Creator: Imtiaz Ali
Directors: Arif Ali, Avinash Das
Cast: Aaditi Pohankar, Vijay Varma, Vishwas Kini, Shivani Rangole
Streaming on: Netflix
Bhumi, a lady constable, finds herself oddly aroused during a covert mission in which she poses as a prostitute at a seedy brothel. The entrapped thug, Sasya, (Vijay Varma), agrees to divulge the secrets of a nationwide drug ring – but only to Bhumi (Aaditi Pohankar), because “there’s something about her”. He calls it a “scorpion” between her legs, but she knows what he means: She has been frigid all her life, and he views her as the ultimate challenge. Vile men love unresponsive women. Yet, training as a honeytrap requires Bhumi to weaponize her body. To take ownership of it, to feel empowered by it. The more she goes undercover, the harder she finds it to resist the power of her dormant physicality.
The premise of She – Netflix India’s latest show – is so promising that nothing less than an absurdly confused narrative with no sense of timing and tone might have messed it up. Enter Imtiaz Ali: Creator, co-writer, and storyteller whose recent form makes Sourav Ganguly’s 2002 tour of New Zealand look like a purple patch in comparison. If Highway dramatized the psychological awakening of a sexual abuse survivor, his streaming debut, She, fetishizes the sexual awakening of a sexual abuse survivor. Captivity is the instrument of liberation in both cases. But whereas Highway’s Himalayan-kidnapping sojourn informed its sheltered protagonist’s mental gasp, She’s device – of a fruitlessly deceptive procedural thriller – literally hijacks the series, leaving the sexual-liberation thread to appear like more of an aggressive Penthouse afterthought.
The entire series hinges on the honey-trapping of a shadowy drug lord named Nayak. Bhumi’s amorous streetwalking life is fashioned to exploit his weakness for prostitutes.
The crime branch nerds recruit her, gaslight her, train her as if she were Alia Bhatt in Raazi, and then become inexplicably incompetent at their own surveillance jobs. So much cognitive bandwidth is wasted trying to make Mumbai look murky-cool through them that Bhumi’s everyday moments of erotic awakening reek of overcompensation. For instance, in one scene, she seduces a waiter who is staring at her – she leads him to an alleyway, letting him squeeze her breasts before she rubs his crotch and walks away. In another, she teases her sister’s sleazy boyfriend with her deep cleavage and brazen body language. She grins wickedly through these moments, like an evil dictator finally being handed the nuclear codes.
Even the smarter subtexts – for example, equating the stature of sex workers in society (Bhumi, too, is ready to do “anything” to keep her job) to that of female cops in a male-dominated police force – are fetishized by the makers. The narcotics officer (Vishwas Kini) “tests” Bhumi’s Red-Sparrow aptitude by taking her to a shady bar and challenging her to pick up a random man. I understand the motivation behind the scene. It wants us to start perceiving the police as that abusive man who gets off on the sight of his girlfriend sleeping with other men – or, as the home that is more morally bankrupt than captivity (the criminals she attracts). Naturally, it’s only a matter of time before the baddie turns out to be this enigmatic, intellectual lover who looks like he has accidentally stumbled onto the set of Before Sunrise. Her conflict: Soft villains or heartless heroes?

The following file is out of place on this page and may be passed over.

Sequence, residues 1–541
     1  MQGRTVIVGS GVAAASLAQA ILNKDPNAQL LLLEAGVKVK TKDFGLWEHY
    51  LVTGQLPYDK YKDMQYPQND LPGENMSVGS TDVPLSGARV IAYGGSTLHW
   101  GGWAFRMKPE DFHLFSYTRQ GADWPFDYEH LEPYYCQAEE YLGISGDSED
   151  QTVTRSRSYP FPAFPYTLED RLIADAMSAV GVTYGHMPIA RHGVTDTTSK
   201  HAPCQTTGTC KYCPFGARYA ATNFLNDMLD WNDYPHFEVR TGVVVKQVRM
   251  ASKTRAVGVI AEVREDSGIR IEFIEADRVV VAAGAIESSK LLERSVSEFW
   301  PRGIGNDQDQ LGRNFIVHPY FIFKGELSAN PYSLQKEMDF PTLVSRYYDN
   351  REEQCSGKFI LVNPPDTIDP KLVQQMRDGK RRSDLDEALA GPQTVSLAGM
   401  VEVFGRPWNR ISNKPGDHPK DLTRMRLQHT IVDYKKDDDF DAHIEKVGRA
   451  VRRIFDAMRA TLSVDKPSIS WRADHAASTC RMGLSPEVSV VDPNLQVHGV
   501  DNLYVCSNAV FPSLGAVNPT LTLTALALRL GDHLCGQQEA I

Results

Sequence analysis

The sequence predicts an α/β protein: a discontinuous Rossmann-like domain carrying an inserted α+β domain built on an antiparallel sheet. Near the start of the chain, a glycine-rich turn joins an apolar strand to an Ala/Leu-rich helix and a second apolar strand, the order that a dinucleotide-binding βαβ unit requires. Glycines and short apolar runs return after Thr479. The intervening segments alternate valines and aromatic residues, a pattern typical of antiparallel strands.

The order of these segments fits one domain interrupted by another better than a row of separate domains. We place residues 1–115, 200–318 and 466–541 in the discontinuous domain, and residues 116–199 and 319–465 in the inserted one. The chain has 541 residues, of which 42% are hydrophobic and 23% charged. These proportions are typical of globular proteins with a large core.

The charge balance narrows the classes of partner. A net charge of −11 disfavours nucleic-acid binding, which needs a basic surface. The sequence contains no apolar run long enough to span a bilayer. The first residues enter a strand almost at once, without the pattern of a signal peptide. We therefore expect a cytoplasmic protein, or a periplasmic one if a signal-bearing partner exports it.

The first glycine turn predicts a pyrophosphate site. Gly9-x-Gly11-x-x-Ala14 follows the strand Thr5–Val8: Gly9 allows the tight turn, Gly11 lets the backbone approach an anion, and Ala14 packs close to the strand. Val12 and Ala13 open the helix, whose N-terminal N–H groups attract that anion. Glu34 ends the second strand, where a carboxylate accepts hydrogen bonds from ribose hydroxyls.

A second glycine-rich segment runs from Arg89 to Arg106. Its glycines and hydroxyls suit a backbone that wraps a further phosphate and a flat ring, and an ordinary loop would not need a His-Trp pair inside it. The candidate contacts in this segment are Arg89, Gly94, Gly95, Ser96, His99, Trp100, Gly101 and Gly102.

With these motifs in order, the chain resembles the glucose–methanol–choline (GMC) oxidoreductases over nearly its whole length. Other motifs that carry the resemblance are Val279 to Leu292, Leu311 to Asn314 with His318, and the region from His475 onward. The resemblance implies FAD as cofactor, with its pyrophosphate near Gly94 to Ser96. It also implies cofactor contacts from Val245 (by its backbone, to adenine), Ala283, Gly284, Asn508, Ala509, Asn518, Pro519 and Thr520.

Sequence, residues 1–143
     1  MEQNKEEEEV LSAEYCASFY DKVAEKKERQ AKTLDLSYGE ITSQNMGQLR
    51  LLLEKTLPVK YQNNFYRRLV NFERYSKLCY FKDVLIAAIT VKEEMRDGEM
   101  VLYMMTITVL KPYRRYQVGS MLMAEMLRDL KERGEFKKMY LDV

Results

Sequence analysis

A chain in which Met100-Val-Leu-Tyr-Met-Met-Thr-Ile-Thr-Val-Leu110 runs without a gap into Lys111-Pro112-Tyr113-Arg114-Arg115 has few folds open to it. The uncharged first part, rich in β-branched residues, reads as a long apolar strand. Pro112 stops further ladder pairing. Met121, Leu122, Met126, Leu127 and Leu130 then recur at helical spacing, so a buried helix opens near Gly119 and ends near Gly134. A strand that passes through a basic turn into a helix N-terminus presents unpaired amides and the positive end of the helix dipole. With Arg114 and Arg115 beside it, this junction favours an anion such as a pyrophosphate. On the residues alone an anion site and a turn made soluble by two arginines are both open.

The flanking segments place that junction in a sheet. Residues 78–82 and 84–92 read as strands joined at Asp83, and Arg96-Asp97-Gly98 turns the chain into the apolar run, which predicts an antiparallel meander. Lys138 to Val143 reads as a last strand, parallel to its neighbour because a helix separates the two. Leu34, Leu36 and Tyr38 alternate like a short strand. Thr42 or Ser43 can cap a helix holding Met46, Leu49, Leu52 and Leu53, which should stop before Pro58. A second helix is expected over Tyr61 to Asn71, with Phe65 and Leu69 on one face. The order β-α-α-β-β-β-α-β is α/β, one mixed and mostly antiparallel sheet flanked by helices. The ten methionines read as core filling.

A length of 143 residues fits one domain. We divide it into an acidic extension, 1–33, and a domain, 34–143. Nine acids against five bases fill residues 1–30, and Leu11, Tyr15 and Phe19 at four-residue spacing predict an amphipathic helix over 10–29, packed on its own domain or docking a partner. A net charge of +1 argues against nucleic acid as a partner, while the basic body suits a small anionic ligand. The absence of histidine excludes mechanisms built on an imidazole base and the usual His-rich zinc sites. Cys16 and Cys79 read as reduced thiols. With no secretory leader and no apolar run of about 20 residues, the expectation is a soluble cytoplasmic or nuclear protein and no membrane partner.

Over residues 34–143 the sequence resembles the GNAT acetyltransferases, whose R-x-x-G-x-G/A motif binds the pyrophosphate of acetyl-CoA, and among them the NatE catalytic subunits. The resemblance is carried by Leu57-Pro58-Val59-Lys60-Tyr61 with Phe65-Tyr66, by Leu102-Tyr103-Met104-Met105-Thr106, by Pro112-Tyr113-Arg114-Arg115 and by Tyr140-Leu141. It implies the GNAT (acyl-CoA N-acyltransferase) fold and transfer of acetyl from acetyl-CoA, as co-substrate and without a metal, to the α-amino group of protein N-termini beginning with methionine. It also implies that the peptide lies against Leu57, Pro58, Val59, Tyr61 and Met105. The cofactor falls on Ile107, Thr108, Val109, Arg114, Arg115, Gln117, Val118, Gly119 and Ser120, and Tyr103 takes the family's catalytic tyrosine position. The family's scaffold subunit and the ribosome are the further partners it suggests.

This obsession to construct an elaborate plot around the girl’s “coming”-of-age story is her, and She’s, ultimate downfall
But the execution of the narrative – the cheesy cop-planning sessions, her training montage, her sister’s desi spunk (almost expected her to croon “Main apni favourite hoon!”), the incoherent flashbacks – is too cringey to examine the complexity of Bhumi’s transformation. Aaditi Pohankar’s performance is brave but uneven; she struggles mostly because she has been directed (by Arif Ali, Avinash Das) according to a script rather than her character. You almost wish that her trigger was limited to her first experience with the creepy Sasya: Vijay Varma reprises his Gully Boy persona with such filthy panache that the writing feels all the more banal for misusing his coiled-up character. His interrogation sequences often suggest that the makers are planning to go Usual Suspects on us.
But that never happens, and I suppose the point of killing the suspense of the chase is the show’s way of telling us that it was never about the thriller; it was always about the girl waking up to the concept of thrills. Which is why the abrupt change of perspective accompanying the introduction of Nayak is self-defeating – it only dilutes Bhumi’s point of view and distracts viewers from the underlying genre of the seven-episode season. This obsession to construct an elaborate plot around the girl’s “coming”-of-age story is her, and She’s, ultimate downfall. Not to mention the climax, which has my wholehearted vote for this year’s “Bad Sex In Fiction” award. That’s when the sheet truly hits the unsuspecting fan.